December 30, 2013
1,000 Report Seeing Fireball Over Iowa And Minnesota
[ Watch the Video: Possible Meteor Seen In Parts Of The US ]
redOrbit Staff & Wire Reports – Your Universe OnlineMore than 1,000 people reported seeing a fireball in the skies over Iowa and Minnesota on December 26, with footage of the incident being captured by security cameras and the National Weather Service (NWS), various media outlets reported over the weekend.
According to Adam Withnall of The Independent, eyewitnesses reported that the object was approximately as bright as the sun, and was visible shooting across the sky for several seconds before it suddenly appeared to break apart.
The ball of light was also reportedly emitting sonic activity similar in nature to previously confirmed meteor sightings, Withnall added. While it is believed that it was indeed a meteor, that has not yet been officially confirmed.
The American Meteor Society (AMS) confirmed that they had received 1,050 reports of fireball sightings from both Iowa and Minnesota at approximately 5:45pm Central time. Those reports, all of which were submitted within 24 hours of the event, make the incident the third most reported since the organization launched its online reporting system.
NWS official Kurt Kotenberg confirmed to the Des Moines Register that his agency had also received reports of the fireball, and caught video of it on a camera in Iowa City, but believes that there is another explanation for the phenomenon.
“We’re looking at the reports, also. The interesting thing about it, Venus was visible in the sky just after sunset,” Kotenberg said. He added that the NWS would be unable to determine the exact cause of the fireball because it was located in the upper atmosphere. The agency would not be providing an official report on the incident because the object that was observed was “not a weather phenomenon,” he added.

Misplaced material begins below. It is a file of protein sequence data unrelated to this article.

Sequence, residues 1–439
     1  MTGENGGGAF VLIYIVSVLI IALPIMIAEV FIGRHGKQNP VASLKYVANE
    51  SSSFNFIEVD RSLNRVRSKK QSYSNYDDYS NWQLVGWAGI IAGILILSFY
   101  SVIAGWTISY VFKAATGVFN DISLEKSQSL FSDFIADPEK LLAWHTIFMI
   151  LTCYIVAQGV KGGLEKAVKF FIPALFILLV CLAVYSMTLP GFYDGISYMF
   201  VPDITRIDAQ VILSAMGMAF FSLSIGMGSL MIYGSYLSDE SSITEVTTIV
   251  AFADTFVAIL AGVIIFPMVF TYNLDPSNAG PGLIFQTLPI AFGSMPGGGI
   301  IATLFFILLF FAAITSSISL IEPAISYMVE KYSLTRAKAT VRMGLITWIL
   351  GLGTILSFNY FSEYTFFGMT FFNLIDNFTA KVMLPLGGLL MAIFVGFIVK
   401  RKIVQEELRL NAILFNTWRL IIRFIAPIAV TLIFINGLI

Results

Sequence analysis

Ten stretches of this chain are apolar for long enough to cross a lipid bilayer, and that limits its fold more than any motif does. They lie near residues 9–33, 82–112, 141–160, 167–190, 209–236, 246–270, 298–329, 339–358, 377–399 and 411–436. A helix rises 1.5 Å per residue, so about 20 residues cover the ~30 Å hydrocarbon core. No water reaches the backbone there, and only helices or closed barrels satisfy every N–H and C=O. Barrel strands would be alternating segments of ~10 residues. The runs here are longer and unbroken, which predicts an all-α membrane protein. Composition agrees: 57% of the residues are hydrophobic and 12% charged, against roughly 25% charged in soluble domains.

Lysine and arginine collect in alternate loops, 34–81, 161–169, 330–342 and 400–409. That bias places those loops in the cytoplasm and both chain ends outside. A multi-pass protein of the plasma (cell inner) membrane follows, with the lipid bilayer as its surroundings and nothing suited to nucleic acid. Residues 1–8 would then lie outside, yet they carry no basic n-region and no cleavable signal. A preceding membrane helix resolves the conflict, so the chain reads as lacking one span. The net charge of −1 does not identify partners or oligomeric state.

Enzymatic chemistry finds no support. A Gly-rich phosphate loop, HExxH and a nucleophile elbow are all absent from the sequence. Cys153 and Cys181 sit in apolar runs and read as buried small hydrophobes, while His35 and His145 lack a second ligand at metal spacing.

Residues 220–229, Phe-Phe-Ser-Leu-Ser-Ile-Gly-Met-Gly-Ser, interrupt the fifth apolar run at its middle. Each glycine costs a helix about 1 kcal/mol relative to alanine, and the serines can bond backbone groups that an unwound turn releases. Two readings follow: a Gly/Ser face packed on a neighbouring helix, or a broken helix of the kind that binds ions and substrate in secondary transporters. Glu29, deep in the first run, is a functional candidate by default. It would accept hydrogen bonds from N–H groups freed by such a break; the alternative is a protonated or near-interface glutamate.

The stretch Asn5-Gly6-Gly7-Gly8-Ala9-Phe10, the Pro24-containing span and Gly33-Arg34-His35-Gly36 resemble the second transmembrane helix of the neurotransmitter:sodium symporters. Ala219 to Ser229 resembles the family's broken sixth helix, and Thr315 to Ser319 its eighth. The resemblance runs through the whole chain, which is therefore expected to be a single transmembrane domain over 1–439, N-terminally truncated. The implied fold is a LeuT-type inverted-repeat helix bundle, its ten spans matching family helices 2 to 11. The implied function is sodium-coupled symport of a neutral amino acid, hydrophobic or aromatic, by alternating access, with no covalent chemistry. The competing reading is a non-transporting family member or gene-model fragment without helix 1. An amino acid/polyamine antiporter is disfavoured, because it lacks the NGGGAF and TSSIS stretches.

University of Iowa physics and astronomy professor Steven Spangler added that December is not a “prominent meteor shower time,” but that “sporadic meteors” can occur at any time.
Likewise, Joe Wright, operations Director at the University of Missouri-Kansas City’s Warkoczewski Public Observatory, told reporters that the fireball sighting “totally caught us off guard, just like the one in Russia and the one over Arizona.” He added that, despite their best efforts, he and his colleagues “can’t see every direction every minute of the day and night.”
On August 28, a massive fireball brighter than the moon was visible in northern Georgia and Tennessee during the early morning hours. The event was caused by a meteor said to be approximately two feet in diameter, 100 pounds in weight and traveling at speeds of more than 56,000 miles per hour.
Nearly a month later, shortly after 9pm CST on September 21, a green ball of light was observed by people as far north as Meridian, Oklahoma to as far south as San Antonio, Texas. The AMS received 76 reports of that event, and witnesses claimed that the fireball was quite large and appeared to be very close to the Earth.